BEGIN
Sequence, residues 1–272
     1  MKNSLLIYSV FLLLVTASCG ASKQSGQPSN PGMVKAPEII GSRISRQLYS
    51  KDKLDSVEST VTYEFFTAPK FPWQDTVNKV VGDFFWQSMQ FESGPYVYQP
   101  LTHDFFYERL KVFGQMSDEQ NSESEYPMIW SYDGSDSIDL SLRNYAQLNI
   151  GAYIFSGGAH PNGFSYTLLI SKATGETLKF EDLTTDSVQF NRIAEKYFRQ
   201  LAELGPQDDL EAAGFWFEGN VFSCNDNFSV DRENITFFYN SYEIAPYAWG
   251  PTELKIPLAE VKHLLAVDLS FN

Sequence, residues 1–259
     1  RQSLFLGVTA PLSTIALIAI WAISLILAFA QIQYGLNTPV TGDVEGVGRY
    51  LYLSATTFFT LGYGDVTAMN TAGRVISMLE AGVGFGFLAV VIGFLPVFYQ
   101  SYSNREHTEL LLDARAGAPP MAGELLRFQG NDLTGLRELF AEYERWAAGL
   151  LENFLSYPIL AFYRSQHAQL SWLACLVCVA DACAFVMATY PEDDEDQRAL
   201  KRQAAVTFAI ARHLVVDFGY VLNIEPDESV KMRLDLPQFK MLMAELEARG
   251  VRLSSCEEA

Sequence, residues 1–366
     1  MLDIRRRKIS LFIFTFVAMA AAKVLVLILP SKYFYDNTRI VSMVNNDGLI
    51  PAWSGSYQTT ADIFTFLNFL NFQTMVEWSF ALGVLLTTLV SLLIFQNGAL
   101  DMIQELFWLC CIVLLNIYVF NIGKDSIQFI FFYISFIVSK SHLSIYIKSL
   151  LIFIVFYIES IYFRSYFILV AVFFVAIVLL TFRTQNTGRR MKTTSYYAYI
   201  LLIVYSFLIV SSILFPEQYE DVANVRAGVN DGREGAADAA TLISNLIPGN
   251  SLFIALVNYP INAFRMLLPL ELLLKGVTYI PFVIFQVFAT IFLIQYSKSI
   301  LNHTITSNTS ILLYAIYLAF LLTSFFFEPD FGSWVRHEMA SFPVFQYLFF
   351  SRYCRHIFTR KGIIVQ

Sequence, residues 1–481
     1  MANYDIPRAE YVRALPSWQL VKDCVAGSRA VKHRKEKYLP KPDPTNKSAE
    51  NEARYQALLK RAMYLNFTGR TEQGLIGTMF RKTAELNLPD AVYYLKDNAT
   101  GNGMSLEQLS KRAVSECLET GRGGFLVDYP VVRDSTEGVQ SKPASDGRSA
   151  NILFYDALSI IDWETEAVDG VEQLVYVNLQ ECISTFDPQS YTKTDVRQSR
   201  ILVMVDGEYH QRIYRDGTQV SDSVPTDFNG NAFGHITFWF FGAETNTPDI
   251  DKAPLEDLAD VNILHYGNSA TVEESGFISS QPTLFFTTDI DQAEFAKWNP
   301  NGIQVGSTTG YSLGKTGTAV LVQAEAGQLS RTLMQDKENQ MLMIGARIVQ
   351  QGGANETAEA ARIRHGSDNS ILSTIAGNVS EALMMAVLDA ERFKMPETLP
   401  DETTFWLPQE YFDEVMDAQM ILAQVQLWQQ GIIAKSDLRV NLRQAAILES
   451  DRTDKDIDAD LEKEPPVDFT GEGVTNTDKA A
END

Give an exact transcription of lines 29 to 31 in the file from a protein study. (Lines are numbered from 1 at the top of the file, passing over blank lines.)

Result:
   201  ILVMVDGEYH QRIYRDGTQV SDSVPTDFNG NAFGHITFWF FGAETNTPDI
   251  DKAPLEDLAD VNILHYGNSA TVEESGFISS QPTLFFTTDI DQAEFAKWNP
   301  NGIQVGSTTG YSLGKTGTAV LVQAEAGQLS RTLMQDKENQ MLMIGARIVQ